|IMAGES IN RHEUMATOLOGY
|Year : 2016 | Volume
| Issue : 3 | Page : 171-173
Skeletal fluorosis mimicking seronegative arthritis
Department of Immunology and Rheumatology, Narayana Multispeciality Hospital, Ahmedabad, Gujarat, India
|Date of Web Publication||11-Aug-2016|
B-4 Shree Hari Krishna Park, Near Cadila Crossing, Ghodasar, Ahmedabad - 380 050, Gujarat
Source of Support: None, Conflict of Interest: None
Keywords: Arthritis, dental fluorosis, skeletal fluorosis
|How to cite this article:|
Shukla A. Skeletal fluorosis mimicking seronegative arthritis. Indian J Rheumatol 2016;11:171-3
Skeletal fluorosis is endemic in many districts of India including southern districts of Rajasthan.  A 44-year-old female with joint pains was referred from Dhansa village in Jalore district of Rajasthan. Her complaints were pain in shoulders, knees, and heel region for 6 months. She had generalized body ache with early morning stiffness in shoulder girdles for 60 min. On examination, she had tender shoulders, peripatellar enthesitis, and Achilles tendinitis More Details. There was no swelling of any joint. Investigations showed raised acute phase reactants with erythrocyte sedimentation rate of 26 mm at 1 h and serum C-reactive protein of 1.36 mg/dl. Serum rheumatoid factor and anti-cyclic citrullinated peptide tests were negative. Based on these findings, a provisional diagnosis of seronegative arthritis was thought. Examination of the teeth showed certain changes in the enamel with attrition of the teeth [Figure 1]. X-ray images of the forearm, lumbosacral spine, and pelvis showed interosseous membrane calcification, osteosclerosis of cortical bones, with prominent granular trabeculae. Sacroiliac joints were normal and no calcification of ligaments or membranes was seen in the axial skeleton [Figure 2], [Figure 3], [Figure 4]. Based on these findings, the diagnosis of skeletal fluorosis that mimicked seronegative spondyloarthritis was concluded. Urine and serum fluoride levels were not measured. The level of fluoride in ground water in these districts has been reported to be high, 1-4 ppm.  She lived in the region from the birth and used well water for drinking. Thus, the source of excess fluoride intake was ground water.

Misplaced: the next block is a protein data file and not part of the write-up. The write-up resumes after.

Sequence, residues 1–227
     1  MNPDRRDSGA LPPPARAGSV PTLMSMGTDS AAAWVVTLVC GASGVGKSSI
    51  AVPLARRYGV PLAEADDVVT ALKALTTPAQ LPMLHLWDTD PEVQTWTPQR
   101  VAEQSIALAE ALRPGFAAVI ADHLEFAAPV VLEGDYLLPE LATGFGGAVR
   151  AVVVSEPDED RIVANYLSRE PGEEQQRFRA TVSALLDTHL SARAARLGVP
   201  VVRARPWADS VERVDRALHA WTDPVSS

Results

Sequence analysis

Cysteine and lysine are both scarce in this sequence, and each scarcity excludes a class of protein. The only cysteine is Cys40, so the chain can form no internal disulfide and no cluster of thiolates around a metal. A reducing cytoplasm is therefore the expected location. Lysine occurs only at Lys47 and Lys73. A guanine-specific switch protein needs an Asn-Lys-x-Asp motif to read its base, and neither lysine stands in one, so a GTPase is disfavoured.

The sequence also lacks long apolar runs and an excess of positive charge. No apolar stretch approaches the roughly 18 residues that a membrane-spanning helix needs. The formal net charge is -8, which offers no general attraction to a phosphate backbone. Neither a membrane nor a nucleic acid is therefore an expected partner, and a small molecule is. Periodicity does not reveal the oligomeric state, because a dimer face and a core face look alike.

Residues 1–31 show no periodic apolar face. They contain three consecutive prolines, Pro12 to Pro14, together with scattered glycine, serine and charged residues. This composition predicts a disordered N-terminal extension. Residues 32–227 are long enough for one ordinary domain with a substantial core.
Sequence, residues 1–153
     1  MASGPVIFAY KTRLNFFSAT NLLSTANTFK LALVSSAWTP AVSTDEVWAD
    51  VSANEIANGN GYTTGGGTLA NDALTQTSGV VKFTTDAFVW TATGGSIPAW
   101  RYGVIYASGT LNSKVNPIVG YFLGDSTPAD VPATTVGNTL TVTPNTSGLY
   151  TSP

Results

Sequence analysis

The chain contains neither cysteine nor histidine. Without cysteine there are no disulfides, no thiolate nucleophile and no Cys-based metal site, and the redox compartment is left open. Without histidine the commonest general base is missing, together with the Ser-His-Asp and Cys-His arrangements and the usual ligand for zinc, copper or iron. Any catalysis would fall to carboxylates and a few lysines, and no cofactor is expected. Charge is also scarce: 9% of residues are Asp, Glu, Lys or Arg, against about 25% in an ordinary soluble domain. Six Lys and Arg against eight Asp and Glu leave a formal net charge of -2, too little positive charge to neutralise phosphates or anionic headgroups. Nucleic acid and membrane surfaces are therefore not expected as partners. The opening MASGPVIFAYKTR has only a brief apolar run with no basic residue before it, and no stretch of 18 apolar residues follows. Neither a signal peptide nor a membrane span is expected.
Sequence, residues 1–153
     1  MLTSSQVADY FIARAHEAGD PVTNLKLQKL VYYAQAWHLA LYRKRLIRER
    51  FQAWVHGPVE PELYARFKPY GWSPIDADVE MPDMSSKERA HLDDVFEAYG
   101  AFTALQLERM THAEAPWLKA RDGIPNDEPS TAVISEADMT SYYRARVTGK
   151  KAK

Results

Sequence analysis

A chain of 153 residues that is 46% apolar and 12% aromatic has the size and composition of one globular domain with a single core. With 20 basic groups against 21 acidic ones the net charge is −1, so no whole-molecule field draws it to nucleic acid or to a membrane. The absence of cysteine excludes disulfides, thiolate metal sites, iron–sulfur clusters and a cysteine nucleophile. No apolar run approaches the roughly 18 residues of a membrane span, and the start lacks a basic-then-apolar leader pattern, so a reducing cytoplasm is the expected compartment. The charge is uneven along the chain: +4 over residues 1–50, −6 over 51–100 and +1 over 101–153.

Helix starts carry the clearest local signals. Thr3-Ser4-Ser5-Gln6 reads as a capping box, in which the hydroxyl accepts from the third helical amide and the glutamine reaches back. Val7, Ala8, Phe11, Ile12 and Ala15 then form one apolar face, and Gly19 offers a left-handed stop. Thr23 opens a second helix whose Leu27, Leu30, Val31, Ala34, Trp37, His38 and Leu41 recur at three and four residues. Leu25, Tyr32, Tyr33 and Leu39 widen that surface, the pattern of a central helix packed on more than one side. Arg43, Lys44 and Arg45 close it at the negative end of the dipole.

|Figure 1: Teeth showed lacy opaque white patches in enamel (arrows) along with brown mottling (block arrows). Few teeth had cracking and fissuring on the edges (empty arrows)|
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|Figure 2: Forearm anteroposterior X-ray image showing calcification of interosseous membranes (arrows), osteosclerosis suggested by thick and dense cortical bones in diaphysis (block arrows) and coarse prominent trabeculae forming a mesh-like pattern in metaphysis (empty arrows). The granular and prominent trabecular pattern is possibly due to fluoride deposits|
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|Figure 3: X-ray of the lateral view of lumbosacral vertebral spine showing increased bone density of vertebral bodies particularly on upper and lower edges with beaked pointed osteophytes (arrows)|
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|Figure 4: X-ray of the pelvis anteroposterior view showing osteosclerosis with normal sacroiliac joints and coarse prominent trabeculae forming a mesh-like pattern possibly due to fluoride deposits in the femoral bone (arrows)|
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The early symptoms of skeletal fluorosis are arthralgia and backache due to bone pain. Achilles tendinitis, early morning stiffness, and mild increase in acute phase reactants have also been reported.  These findings can mislead to a diagnosis of inflammatory arthritis. However, definite signs of synovitis, for example, joint effusion and synovial hypertrophy are not seen in these patients. It mimics seronegative spondyloarthritis more closely due to backache and enthesitis but can also manifest as seronegative symmetric polyarthralgia, thus mimicking rheumatoid arthritis. The United States Public Health Service has divided skeletal fluorosis based on symptoms and radiology into 4 phases [Table 1].  The present case had clinical phase-II skeletal fluorosis which closely mimics arthritis. Osteosclerosis alone is a nonspecific finding also seen in Paget's disease, metastasis, myelofibrosis, hemoglobinopathies, renal osteodystrophy, and congenital disorders including osteopetrosis. Soft-tissue calcification is also not diagnostic alone as it can be seen in ankylosing spondylitis, diffuse idiopathic skeletal hyperostosis, psoriasis, other spondyloarthropathies, alkaptonuria, hyperparathyroidism, hypophosphatemic rickets, and osteoarthritis. It is the combination of symptoms in a patient from endemic areas with above radiographic findings that clinch the diagnosis. In such cases, raised urine fluoride level is not necessary to confirm the diagnosis.
In addition to musculoskeletal, teeth examination helps in the diagnosis. Dental fluorosis results from exposure to high fluoride intake in childhood (<12 years age), a period of permanent teeth mineralization.  Dental fluorosis classification based on Dean's fluorosis index grades it into five categories as Grade 0: Normal, translucent, smooth and glossy teeth; Grade 1: White opacities, faint yellow line; Grade 2: Brown stain; Grade 3: Pitting and chipped off edges; and Grade 4: Brown plaques, corrosion and falling of teeth.  Awareness of the above clinical, radiographic, and dental findings can help physicians and rheumatologist from the endemic areas to make early and accurate diagnosis of fluorosis thus, preventing unnecessary workup and treatment for inflammatory polyarthritis and stress for these patients.
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[Figure 1], [Figure 2], [Figure 3], [Figure 4]